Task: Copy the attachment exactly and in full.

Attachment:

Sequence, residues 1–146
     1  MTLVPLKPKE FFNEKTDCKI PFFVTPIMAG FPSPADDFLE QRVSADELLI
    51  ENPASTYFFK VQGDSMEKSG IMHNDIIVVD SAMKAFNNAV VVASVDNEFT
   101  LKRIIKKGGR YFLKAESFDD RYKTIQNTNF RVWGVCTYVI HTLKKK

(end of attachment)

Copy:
Sequence, residues 1–146
     1  MTLVPLKPKE FFNEKTDCKI PFFVTPIMAG FPSPADDFLE QRVSADELLI
    51  ENPASTYFFK VQGDSMEKSG IMHNDIIVVD SAMKAFNNAV VVASVDNEFT
   101  LKRIIKKGGR YFLKAESFDD RYKTIQNTNF RVWGVCTYVI HTLKKK